When we think about operating in systems, doing systems thinking, we seek to find and understand how systems work and how we may work within them. But of course there is another question we need to ask when considering this way of thinking. And that something is why? Why do we need to think in this holistic tangled way in the first place? When for the most, our lives and the organisations, tasks, roles and people within them, function perfectly well in the very lightness of thinking that is simple and linear, A to B thinking. (By Emma Loftus)
By John Atkinson. If we genuinely believe the world to be a complex place, we need to consciously embrace that complexity, not suppress it. Once we do this, we realise we cannot resolve our activity into standardised processes without forever generating unintended consequences to our actions. Recognising the world we live in as a complex environment doesn’t allow us to control it
The way that we have set about delivering this quality has led to an environment where improvements to processes and systems are typically gradual and linear — focusing on reducing waste and variability. Our ability to learn and adapt fast is seriously hampered by this approach. We have not paid enough attention to leveraging the differences we have as human beings — and how we when building on our differences can create much better solutions to our daily work and objectives.
It’s a sad fact that autism is still viewed as a disability. A disorder. That mis-wiring that characterises the neurobiological connections (or often lack there of) in the autist’s brain is at best considered a failing. But what if we look at autism differently? The absolute chaos of normal everyday life that drop-kicks those with autism and sensory disorder into meltdown and withdrawal, is in fact a super-power. This is systems thinking at its absolute beautiful edge, where every detail of the world stands out in excruciating, wondrous detail that can’t be ignored. This response to the unfathomable, the ability to absorb obscurity and sense pattern is not rigidity at all. It’s simply gorgeously mind-blowing. (By Emma Loftus.)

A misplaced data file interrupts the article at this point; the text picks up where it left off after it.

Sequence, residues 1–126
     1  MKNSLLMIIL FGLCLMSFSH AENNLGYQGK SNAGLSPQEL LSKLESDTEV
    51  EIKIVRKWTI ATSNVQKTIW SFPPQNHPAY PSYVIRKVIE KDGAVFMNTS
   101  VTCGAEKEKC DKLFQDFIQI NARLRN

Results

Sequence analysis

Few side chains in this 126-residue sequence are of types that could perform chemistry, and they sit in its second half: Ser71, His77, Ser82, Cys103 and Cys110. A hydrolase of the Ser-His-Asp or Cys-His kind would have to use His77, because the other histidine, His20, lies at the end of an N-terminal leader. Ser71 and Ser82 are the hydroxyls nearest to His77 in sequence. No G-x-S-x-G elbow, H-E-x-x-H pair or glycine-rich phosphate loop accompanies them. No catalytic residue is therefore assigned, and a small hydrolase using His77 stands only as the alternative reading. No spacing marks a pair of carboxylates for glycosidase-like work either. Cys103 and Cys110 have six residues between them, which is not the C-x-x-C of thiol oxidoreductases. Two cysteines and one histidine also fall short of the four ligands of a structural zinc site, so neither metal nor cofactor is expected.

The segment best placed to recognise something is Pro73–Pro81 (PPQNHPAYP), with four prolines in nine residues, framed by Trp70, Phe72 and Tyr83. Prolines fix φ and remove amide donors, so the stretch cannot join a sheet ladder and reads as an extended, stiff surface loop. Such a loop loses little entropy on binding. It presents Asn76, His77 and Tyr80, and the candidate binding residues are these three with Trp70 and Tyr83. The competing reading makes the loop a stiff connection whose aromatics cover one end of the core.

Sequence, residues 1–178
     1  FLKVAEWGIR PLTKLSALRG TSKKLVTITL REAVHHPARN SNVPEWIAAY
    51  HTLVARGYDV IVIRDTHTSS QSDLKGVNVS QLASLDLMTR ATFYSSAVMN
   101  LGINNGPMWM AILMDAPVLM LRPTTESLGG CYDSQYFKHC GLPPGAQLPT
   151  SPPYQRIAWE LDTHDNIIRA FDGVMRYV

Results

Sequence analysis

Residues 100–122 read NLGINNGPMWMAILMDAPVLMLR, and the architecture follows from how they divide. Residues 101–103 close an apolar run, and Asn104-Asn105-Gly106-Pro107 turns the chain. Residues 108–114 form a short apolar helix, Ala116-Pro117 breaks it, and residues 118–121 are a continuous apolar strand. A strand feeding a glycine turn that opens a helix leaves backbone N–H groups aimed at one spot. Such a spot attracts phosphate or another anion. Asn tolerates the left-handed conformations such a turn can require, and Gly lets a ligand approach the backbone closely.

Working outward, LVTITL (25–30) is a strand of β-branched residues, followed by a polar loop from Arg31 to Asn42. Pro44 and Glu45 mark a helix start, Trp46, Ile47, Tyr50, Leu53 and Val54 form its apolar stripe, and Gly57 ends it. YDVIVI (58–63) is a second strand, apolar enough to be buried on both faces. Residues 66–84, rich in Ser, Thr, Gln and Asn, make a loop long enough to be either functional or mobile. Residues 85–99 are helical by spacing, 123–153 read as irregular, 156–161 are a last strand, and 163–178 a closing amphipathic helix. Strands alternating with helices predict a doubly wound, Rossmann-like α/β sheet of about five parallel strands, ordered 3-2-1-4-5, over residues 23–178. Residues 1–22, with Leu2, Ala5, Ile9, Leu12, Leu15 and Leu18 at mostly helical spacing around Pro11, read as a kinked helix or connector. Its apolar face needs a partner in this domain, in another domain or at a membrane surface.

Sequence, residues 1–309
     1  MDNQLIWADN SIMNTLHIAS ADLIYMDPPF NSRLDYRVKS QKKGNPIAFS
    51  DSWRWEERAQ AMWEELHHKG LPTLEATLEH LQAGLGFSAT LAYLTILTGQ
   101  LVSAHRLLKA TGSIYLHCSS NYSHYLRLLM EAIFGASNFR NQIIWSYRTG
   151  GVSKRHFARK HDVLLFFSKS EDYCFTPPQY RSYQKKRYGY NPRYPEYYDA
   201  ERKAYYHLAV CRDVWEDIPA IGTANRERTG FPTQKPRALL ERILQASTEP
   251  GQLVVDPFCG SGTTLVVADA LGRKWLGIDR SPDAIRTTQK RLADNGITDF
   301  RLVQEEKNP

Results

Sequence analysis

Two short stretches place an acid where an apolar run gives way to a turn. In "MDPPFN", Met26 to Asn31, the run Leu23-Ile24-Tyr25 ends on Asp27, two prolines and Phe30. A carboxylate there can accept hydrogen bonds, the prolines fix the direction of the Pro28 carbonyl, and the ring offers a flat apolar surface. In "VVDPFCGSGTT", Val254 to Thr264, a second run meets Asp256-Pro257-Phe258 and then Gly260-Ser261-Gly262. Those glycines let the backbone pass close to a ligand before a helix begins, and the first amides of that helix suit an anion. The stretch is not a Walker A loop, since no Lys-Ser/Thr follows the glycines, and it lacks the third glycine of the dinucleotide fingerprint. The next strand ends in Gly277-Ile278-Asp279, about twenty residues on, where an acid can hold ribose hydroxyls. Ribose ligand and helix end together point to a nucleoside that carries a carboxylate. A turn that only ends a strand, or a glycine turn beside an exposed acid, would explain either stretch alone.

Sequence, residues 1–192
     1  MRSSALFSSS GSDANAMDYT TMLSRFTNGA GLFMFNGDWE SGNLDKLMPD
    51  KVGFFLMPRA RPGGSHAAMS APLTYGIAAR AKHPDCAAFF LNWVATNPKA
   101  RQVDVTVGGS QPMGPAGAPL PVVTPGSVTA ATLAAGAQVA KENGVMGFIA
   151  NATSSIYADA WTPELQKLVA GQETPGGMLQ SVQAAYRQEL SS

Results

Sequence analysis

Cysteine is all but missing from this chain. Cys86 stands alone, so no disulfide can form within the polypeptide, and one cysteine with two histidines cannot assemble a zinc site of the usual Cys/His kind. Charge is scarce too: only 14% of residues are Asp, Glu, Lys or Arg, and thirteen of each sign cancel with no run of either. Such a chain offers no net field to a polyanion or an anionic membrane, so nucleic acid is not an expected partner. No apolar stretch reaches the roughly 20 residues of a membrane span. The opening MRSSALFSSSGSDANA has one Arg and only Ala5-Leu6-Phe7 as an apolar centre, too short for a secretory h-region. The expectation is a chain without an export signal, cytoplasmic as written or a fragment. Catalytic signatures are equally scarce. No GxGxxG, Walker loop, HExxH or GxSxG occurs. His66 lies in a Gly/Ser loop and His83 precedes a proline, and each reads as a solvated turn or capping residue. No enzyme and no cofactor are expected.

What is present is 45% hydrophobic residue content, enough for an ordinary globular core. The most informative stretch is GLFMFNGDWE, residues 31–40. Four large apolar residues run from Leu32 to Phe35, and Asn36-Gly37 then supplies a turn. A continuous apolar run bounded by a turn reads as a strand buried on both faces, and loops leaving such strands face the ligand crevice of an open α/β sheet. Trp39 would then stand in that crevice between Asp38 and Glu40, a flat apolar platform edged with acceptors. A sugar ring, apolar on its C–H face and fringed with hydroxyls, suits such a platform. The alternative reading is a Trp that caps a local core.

Here are some sound pieces of advice: the more you know about a system, the better you are at predicting its behavior. If you want a large outcome, then put a large amount of effort into the process. For the best execution, plan ahead. These are all powerful strategies – but only if you are dealing with a linear system. For a complex system, this approach spells disaster
From John Atkinson. I get repeatedly asked about the difference between working with the ecosystem (or human system) and working with formal organisations. For me this is largely a perceptual difference and yet perception is a critical and deeply influential thing.
The Ecological Systems theory states that human development is influenced by the different types of environmental systems. Formulated by famous psychologist Urie Bronfenbrenner, this theory helps us understand why we may behave differently when we compare our behavior in the presence of our family and our behavior when we are in school or at work.